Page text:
written by: Shane Burley•edited by: Rhonda Callow•updated: 8/27/2010
Here is a tutorial on how to export your Final Cut Pro Timeline sequence to a QuickTime movie file.
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The QuickTime movie format is one of the primary digital formats that are used to view videos that have come through the post-production process. If you are uploading to streaming web services like Vimeo or YouTube, sharing a complete video, or using an uncompressed video file for later edit or compression the QuickTime format is going to be one of the primary types you are going to focus in on. QuickTime, as an Apple favorite, is also an easy export option from Final Cut Pro and may actually end up being the quickest way that you can export from a Final Cut Pro to a free standing movie file. Here is a tutorial on how to export to QuickTime formats from your Final Cut Pro digital video editing project.
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General QuickTime Export
When you are working in your final sequence, which means the sequence that represents the cut of the movie you want to export, you are going to make sure that the Final Cut Pro Timeline is selected and then you will go to File. You will go down to Export, which is right under Share and above Send To, and you will select QuickTime Movie, which is the very first option. You can also use the Final Cut Pro keyboard shortcut for this export process, which is Command and E. You will be given a window where you need to name the file, select the location for the QuickTime file to go to, what format it is in (though QuickTime is the default), and to make sure that Default Settings are indicated next to Use.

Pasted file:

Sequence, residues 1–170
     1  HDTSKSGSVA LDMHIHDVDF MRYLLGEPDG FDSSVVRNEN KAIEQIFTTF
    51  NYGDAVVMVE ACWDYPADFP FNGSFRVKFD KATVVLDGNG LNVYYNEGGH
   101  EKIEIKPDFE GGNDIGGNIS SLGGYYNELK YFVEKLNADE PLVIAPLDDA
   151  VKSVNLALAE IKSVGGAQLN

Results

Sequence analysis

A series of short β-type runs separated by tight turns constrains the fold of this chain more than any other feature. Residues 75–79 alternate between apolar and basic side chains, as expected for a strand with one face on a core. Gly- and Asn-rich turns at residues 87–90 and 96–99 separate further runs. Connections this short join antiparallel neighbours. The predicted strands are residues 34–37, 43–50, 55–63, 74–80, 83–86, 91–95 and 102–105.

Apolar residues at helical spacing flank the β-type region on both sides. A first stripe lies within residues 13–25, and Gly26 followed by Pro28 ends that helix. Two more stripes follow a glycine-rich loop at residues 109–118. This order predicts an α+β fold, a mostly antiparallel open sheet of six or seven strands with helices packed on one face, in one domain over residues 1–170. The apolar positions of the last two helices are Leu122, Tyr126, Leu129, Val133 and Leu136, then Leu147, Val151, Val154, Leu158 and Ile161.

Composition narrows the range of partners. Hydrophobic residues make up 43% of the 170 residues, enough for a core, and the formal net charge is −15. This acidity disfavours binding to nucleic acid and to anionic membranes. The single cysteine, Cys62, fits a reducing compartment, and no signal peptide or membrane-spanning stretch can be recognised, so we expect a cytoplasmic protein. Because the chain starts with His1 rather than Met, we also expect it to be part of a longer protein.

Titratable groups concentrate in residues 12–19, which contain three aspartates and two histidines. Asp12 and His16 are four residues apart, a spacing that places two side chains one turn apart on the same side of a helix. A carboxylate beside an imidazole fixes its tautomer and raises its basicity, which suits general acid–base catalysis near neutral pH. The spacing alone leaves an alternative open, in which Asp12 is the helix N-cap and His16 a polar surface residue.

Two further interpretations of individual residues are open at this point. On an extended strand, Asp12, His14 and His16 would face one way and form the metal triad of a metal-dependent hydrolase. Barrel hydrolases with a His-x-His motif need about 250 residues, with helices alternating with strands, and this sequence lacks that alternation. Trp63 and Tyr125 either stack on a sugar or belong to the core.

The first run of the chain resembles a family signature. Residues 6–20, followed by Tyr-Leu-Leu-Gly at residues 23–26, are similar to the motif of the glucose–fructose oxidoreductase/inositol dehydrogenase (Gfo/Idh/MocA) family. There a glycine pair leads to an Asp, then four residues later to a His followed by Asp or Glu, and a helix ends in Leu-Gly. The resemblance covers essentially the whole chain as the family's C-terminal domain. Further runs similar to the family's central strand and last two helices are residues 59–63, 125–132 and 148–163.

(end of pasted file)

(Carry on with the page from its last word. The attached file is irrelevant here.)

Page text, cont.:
This will begin the general Final Cut Pro export process where you will get a progress bar and it will say "Writing Audio and Video" and will give you an estimated time of completion. This may take some time, but it will usually be far less than if you were to use Send to Compressor. Once it has finished this it will just close that previous menu and you will have a free standing QuickTime movie file saved to your specified location. This QuickTime file will usually be a very large file, possibly one of the largest formats you could export from Final Cut Pro. In this way it is great for viewing on a computer as an individual file, but will probably be too large for streaming video services, DVD authoring, or most transfer mechanisms. You will find that if you just double click your QuickTime file after a regular Export to QuickTime that it will open in Final Cut Pro, which is because it is the native source of your master of the video in the sequence. If you want to watch it without this you need to right click it and have it open in QuickTime, or open QuickTime and then open the file into it.